Alamein did once and for all prevent the Germans from breaking through to the Suez Canal, and the oilfields of the Middle East. My Grandad was in Iraq at the time, but ‘missed out’ on Alamein. Of course, it could  said that the Battle of Alam Halfa earlier in 1942 probably ended Rommel’s last chance of winning the war in North Africa. However, Alamein did also mark the rise of Montgomery in public consciousness as a senior commander who won battles.

On the subject of El Alamein, the guys at Philosophy Football have released a special El Alamein 70th anniversary t-shirt, with a Desert Rat artwork and in a nice sandy colour. Check out Philosophy Football’s website here.

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Philosophy and Football T-Shirts

As a football fan, historian and sometime-philosopher (normally after a few pints!), I’ve found these t-shirts form Philosophy Football pretty cool.

They’ve recently released a range of t-shirts to mark the 70th anniversary of the battle of Stalingrad – possibly the most pivotal event in the Second World War. Incorporating much of the familiar soviet art work and styling – which, I have to say, I find rather cool – one nice t-shirt in particular features the slogan ‘nobody is forgotten. Nothing is forgotten!’ in Russian script.

They are inspired by an Anna Akhmatova poem:

We know what’s at stake and how great the foe’s power,
And what is now coming to pass.
The hour of courage has struck on the clock
And our courage will hold to the last.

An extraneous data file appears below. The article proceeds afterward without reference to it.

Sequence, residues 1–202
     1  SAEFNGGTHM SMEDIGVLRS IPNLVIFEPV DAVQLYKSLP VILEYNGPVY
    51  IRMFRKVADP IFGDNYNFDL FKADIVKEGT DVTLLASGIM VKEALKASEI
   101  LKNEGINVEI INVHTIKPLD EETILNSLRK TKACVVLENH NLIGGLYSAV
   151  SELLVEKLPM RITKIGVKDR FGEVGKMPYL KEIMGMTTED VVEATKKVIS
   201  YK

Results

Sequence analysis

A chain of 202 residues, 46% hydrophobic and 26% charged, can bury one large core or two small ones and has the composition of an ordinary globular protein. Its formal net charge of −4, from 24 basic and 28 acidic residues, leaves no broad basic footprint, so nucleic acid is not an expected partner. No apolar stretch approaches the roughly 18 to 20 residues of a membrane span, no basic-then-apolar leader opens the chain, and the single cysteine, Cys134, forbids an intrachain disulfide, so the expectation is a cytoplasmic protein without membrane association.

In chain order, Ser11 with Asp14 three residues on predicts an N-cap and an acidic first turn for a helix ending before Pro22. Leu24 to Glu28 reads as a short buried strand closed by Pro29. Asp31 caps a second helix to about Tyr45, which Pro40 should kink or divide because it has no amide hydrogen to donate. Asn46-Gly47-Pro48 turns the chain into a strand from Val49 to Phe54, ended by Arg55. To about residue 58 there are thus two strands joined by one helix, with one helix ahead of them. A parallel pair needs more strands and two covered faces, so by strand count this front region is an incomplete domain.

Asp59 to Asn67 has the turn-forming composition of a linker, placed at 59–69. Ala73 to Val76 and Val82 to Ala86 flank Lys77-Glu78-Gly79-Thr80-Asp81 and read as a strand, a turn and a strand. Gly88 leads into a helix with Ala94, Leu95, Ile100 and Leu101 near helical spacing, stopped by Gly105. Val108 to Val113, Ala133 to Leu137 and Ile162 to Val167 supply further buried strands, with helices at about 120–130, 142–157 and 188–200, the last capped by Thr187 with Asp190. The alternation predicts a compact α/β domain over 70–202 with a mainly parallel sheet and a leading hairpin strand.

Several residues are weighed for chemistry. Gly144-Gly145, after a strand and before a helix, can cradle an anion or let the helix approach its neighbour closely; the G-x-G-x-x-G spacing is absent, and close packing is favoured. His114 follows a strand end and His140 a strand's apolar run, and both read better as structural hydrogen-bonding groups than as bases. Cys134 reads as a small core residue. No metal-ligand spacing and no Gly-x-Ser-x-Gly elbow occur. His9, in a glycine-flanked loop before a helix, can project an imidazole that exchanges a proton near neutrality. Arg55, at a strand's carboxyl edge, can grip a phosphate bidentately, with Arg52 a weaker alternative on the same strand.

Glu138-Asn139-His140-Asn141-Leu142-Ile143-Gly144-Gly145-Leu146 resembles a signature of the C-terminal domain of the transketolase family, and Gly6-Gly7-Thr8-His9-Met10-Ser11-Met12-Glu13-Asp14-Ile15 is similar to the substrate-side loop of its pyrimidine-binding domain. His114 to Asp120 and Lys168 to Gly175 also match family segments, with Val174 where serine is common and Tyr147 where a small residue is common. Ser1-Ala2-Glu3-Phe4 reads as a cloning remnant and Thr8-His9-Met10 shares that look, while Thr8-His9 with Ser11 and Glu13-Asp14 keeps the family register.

The bullets can kill us, but cannot deter;
Though our houses will fall, we shall remain.

 

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Arnhem: Battle of the Woods DVD by Battlefield History

I’ve reviewed quite a few Battlefield History DVD‘s before, and they just keep getting better and better. This edition in their Arnhem series looks at the role of the 4th Parachute Brigade, from their drop on Ginkel Heath on 18 September 1944 until they joined the Oosterbeek perimeter two days later.

I should register a vested interest, in that my late Grandfather fought with the 11th Battalion of the Parachute Regiment at Arnhem. He hardly ever talked about the battle – unsurprisingly, as he was wounded and taken prisoner and the battle did not go well for the 11th Battalion – so it is a real treat to see so much focus given to his unit, one that has often been overlooked in the history of Arnhem. It’s nice to see a contribution from a soldier who was with the 11th, as so few histories of Arnhem contain anything from them.

I’ve been to Arnhem a couple of times myself, and have always found it hard to describe the terrain in that corner of Holland. This DVD does an admirable job of helping he viewer get a feel for what the battlefield was like. And that’s half the ‘battle’ – bad pun – with military history, ‘smelling’ the battlefield. The clips of re-enactors, equipment and visits to military museums add to the atmosphere and depth of the production.

I enjoyed watching it immensely, and recommend it wholeheartedly.

Arnhem: Battle of the Woods is published by Pen and Sword Digital

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Filed under Airborne Warfare, Army, Arnhem, Book of the Week, World War Two